Poaching stymies superpark

Poaching and resettlement in Gonarezhou National Park in Zimbabwe could put paid to dreams of a boundary-free Greater Limpopo Transfrontier Park for years, say conservationists.

Presidents Robert Mugabe of Zimbabwe, Joaquim Chissano of Mozambique and Thabo Mbeki met in Xai Xai, Mozambique, this week to establish the park. They signed a treaty in which they “undertake to develop a wildlife sanctuary across political boundaries, where animals may freely roam and flourish in keeping with natural ecological processes”.

But the political situation in Zimbabwe will slow down progress for years, observers say. Poaching in Zimbabwe presents a particular problem.

Jonny Rodriguez of the Zimbabwe Conservation Task Force (ZCTF) says rampant poaching is decimating game in Gonarezhou.
“It is absolutely sickening,” he says.

Conservancies around Gonarezhou have been plagued by farm invasions and parts of the reserve itself have been settled. About 25% of the Save conservancy near Gonarezhou is occupied by settlers.

Save and neighbouring Chiredzi report extensive poaching. The ZCTF reports that more than 1 000 animals have been found dead in snares.

Rob Style, vice-chairperson of the Chiredzi conservancy abutting the reserve, says habitat has been destroyed by settlers. Poachers and new farmers have burnt almost half the conservancy’s 110 000ha.

A year ago the Zimbabwe government put 11 000ha of Gonarezhou on its list of areas for resettlement. People began moving on to the land, built houses and started clearing away bush to plant crops. Their cattle roam freely within the reserve.

Trevor Sandwith, coordinator of Cape Action Plan for the Environment (Cape), reported about 400 cattle grazing in the reserve in July last year. Anthony Hall-Martin, a consultant for the Peace Parks foundation, says the situation has not improved since.

“The Zimbabwean authorities don’t see the settlers in Gonarezhou as a threat because they only occupy a small piece of the reserve. They view the occupied land as communal property anyway,” he says.

Zimbabwe’s authorities are considering changing the boundaries of the park to accommodate the settlers, says Hall-Martin.

The Zimbabwe Independent reported last month that reassurances from the government that the situation was under control were nothing but “a political gimmick”. The newspaper said more people were being encouraged to settle in Gonarezhou.

Anyone expecting to drive through the 35 000km2 superpark next year will be gravely disappointed, says David Grossman, a project consultant on the Mozambique side of the park. He says it might take up to seven years for the park to be open to tourists.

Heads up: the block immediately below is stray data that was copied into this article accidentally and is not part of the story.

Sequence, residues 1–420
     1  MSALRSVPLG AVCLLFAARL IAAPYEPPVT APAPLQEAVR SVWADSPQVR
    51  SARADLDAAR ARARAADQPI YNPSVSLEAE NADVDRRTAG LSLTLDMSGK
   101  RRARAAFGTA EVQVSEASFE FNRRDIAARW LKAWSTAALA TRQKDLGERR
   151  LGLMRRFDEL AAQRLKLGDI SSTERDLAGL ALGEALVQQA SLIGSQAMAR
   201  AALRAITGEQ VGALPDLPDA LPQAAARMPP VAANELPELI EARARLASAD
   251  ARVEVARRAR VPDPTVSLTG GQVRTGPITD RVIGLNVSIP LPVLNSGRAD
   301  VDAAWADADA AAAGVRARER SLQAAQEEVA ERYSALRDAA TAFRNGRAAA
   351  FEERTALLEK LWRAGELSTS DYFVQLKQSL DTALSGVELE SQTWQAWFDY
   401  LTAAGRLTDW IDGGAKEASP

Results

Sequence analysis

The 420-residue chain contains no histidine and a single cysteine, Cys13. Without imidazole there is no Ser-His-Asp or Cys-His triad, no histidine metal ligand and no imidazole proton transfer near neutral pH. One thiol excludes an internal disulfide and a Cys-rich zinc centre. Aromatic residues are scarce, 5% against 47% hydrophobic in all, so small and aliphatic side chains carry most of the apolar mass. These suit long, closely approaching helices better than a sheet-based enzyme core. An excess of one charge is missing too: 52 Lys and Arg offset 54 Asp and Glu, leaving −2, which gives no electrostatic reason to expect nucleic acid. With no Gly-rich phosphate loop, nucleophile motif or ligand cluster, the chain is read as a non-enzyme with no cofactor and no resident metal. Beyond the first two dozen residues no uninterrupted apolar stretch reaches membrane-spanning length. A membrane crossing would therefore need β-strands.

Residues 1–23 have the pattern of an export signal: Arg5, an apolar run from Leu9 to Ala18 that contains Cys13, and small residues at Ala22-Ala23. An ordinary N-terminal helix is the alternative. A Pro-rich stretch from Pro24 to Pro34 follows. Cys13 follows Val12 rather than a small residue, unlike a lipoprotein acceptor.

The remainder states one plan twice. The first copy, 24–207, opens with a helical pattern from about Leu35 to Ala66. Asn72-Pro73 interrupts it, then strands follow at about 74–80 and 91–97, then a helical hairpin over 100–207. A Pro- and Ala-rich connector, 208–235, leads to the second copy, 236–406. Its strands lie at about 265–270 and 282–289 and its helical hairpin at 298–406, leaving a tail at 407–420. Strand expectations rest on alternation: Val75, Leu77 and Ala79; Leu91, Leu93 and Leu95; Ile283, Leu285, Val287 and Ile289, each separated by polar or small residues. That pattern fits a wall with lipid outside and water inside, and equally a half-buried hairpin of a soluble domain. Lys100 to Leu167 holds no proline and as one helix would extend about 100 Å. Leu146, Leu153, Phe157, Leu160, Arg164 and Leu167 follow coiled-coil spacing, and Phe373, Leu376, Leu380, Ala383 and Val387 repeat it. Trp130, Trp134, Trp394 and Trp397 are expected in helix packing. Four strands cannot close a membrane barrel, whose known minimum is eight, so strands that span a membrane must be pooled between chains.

“I find it incredibly sad that a potentially wonderful project is being jeopardised by short-term political interests and pressure from the Peace Park Foundation, which has raised millions from donors who now expect to see an instant park,” says Grossman.

The transfrontier park will help prevent elephant culling because the animals can wander from Kruger to the bare Limpopo National Park in Mozambique and Gonarezhou in Zimbabwe. But are South Africa’s neighbours ready to receive them? asks Grossman.

The Kruger and Limpopo national parks share a 150km-long border where three gaps are being cut in the border fence. One gap will extend 35km, another 15km and the third 10km.

Mozambique is transforming a former hunting concession into the Limpopo National Park and game is being restocked.

“Though obstacles still exist in the park, a lot of hard work is being done on the Mozambican side,” says Arrie van Wyk, the Peace Park Foundation’s project manager in Mozambique.

Van Wyk estimates it will take at least five years to link the Limpopo National Park in any meaningful way with the Kruger National Park.

On the Zimbabwean side it will take even longer. Little has been said about the Gonarezhou’s role in Greater Limpopo National Park and what is needed to develop the park.

Mike Knight, a chief scientist at South African National Parks, says that little development has taken place in the park. “It is one of Zimbabwe’s least-developed parks and not a lot has been done to change that.”

Limpopo National Park abuts Kruger, but a 50km corridor will have to be created through the Sengwe communal area to connect Gonarezhou to the other two. The animals will have to travel through this corridor to roam freely between the Kruger and Gonarezhou once the fences are removed. Grossman says the treaty signing and removal of fences were a publicity stunt. “This wonderful park can’t be built on quicksand. The [Mozambican] government has to realise that there are 25 000 people living there. About 6000 people, with their livestock, live within the heart of the [Limpopo National] park, in the vicinity of the Shingwedzi river. This area has been identified as prime wildlife habitat and accordingly zoned for future tourism development.”

Van Wyk concedes that the politicians had set the time to take down the fences. “But I don’t feel the project has bulldozed ahead,” he says. “We’ve made considerable gains. We’ve actually slowed down to address critical issues, such as engaging the affected communities in dialogue.”

He says no person who now lives in Limpopo National Park will be forced to leave. “The park actually creates new opportunities for the people inside.”

Van Wyk says villages will be fenced to protect the communities from wild animals.

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